i think it is specifically this sort of story that we must be able to lead all our other stories towards in order to have empathic exchanges. in a slightly different register, where i think fundamentalist threads of religious traditions (i.e. my own, but i am sure you can find analogues in yours) is the completeness of the story. the story is somehow regarded as whole and absolute and even if it may have infinite ramifications, this is a circumscribed infinity that allows the fundamentalist to, so to speak, hold it up and grasp his body of truth and from the vantage of this knowledge, judge his fellow man. it is the circumscribability of the story that allows for this. but if you pop the bubble of the circumscribed and admit of the story that infinitely runs off the paper, one that has an infinity of loose ends that will never be woven into a coherent fabric but, instead, will develop loose ends of their own… this is the human condition… this is what it means, to me at least, to tell a proper story in which my tragedy is given over and in which the listener can participate.

    if you have ever seen a page of talmud, there is the main text and it is flanked on all sides by commentary and commentary of commentary. I have always had this vision that really, to have a jewish book in the true sense of it, it would have to be one massive page with the whole torah written on it and then ever expanding waves of commentaries and commentaries on commentaries and so on all orbiting each other in this sort of dance that is wholly incoherently coherent. to me, this is a good story. stories with beginning, middle, and end are nice, but they are not tragic because they are not unsettling enough.

    to have empathy one must be swept off his feet and to be swept off one’s feet there must be a death of god where god is the explanatory principle (this is what i think nietzsche meant by the death of god, not god per se, but coherence. that is why he hates the “market atheists” they are not sufficiently atheistic, they are really just deists in disguise and so are deeply distasteful because they cant worship… only a true atheist in the nietzschean sense is capable of worship)

    as to law/command… i dont think that ethics is about empathy. one can do wrong and be perfectly empathic. we read of this earlier in the course where the nazi soldiers were, in fact, deeply troubled by what they had done and steps had to be taken to manipulate their emotions and turn them into remorseless killers. ethics is about what one does. and ultimately this comes down to a fiat: you may do x and you may not do y. it is a fiat precisely because human experience is so infinitely complex it is impossible to establish any sort of standard without doing so arbitrarily. obviously i am not attacking empathy, but i think that empathy establishes only the common human condition wherein commands can be commonly applied, i.e. wherein ethics can begin, it is not itself ethics.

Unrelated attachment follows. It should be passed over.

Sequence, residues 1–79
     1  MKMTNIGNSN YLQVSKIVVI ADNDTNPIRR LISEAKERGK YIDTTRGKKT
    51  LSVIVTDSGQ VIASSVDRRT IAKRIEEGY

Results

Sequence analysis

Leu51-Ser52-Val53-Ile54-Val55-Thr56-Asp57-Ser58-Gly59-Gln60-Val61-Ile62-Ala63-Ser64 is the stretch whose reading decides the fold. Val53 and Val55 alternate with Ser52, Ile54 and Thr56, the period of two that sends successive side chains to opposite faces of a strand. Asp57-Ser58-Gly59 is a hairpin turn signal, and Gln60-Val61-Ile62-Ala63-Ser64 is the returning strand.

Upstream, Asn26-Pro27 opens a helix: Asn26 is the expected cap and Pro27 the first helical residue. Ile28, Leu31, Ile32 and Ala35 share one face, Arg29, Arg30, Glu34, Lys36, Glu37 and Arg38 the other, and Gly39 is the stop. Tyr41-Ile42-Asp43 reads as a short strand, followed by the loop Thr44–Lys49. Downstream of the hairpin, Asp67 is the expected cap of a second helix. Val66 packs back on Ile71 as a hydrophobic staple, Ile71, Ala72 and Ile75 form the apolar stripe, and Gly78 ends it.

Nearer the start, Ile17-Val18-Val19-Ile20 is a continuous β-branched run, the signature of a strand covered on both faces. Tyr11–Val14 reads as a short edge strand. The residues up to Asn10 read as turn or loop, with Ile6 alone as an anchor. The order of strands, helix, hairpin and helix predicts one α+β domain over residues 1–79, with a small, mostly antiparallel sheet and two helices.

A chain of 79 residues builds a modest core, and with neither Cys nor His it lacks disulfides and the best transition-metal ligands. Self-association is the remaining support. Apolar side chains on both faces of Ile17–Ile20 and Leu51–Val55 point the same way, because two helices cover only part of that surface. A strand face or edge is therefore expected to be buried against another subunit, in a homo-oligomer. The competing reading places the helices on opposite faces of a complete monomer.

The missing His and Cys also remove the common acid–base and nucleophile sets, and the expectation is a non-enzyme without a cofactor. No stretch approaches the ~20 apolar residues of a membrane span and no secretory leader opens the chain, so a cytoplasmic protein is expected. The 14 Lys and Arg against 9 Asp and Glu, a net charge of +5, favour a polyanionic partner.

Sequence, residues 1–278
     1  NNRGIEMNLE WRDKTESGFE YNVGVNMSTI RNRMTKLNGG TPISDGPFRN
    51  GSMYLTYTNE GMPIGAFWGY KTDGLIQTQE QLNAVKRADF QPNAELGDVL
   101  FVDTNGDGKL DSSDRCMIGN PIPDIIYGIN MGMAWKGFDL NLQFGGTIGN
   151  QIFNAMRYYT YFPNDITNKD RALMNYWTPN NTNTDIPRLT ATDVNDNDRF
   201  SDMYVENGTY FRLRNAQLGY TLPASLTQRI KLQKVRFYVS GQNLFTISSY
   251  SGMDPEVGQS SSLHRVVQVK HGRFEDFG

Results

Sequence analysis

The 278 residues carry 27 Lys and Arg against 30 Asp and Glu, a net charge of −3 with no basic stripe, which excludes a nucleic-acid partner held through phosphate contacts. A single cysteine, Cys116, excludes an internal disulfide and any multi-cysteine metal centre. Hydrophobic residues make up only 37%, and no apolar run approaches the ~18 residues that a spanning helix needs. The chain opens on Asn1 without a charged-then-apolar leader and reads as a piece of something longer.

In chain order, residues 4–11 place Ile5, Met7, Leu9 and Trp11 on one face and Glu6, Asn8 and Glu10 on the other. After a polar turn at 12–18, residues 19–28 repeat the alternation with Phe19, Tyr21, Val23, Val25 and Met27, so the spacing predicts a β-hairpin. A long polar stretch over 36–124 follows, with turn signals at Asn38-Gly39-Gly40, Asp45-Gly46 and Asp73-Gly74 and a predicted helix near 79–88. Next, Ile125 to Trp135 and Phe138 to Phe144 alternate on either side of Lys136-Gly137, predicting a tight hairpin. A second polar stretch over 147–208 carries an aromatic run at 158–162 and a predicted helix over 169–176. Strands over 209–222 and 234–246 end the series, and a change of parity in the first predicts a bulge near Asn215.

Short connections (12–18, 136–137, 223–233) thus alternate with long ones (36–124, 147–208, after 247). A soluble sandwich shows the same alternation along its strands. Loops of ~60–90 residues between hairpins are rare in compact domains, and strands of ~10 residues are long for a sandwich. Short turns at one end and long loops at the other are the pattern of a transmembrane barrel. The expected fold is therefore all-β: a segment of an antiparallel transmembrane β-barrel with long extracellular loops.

11. Reham Elnory permalink
    December 11, 2011 2:40 am

    One final further point I realized I needed to explicitly mention, as I just re-read the exchanges and think it might not have come through. Your final explanation of Abraham as schlemiel illustrates the point I wanted to make about empathy. I could relate to that particular point of a story different from mine, precisely because I felt empathy for Abraham; and saw myself in him. Bumbling, out of place, confused: this is what brought together the unfamiliar elements of a prankster God and an uncomprehending Abraham into a narrative I could finally understand because I could relate to…

  12. Reham Elnory permalink
    December 11, 2011 3:09 am

    On second thought, reading your comment above, I would have to say I agree that impossible stories are very human, and also agree to the dangers of totalising narratives that seek an artificially neat procession to a completed end. Maybe I was too hasty in making the link between a specific form and meaning. Kafka’s work-his short stories especially-do hold meaning for me, too. Maybe the crucial part in the structure of beginning-middle-end is not the act of delineation or reaching the goal, but the movement, the act of movement, as opposed to a suspension or a freezing; a cessation of movement, a bogging down.It’s the movement that has to do with meaning, the mere progression forward, and not the specific steps in a specific structure. The movement can be cyclical; it doesn’t have to be linear, but there has to be movement. And to me, the main problem with the idea of an eternal trial was the impression that it stood still; it would not go–it was never going–anywhere. So- yeah. There is a similar circular infinity of commentaries on traditional texts too–including the legal texts.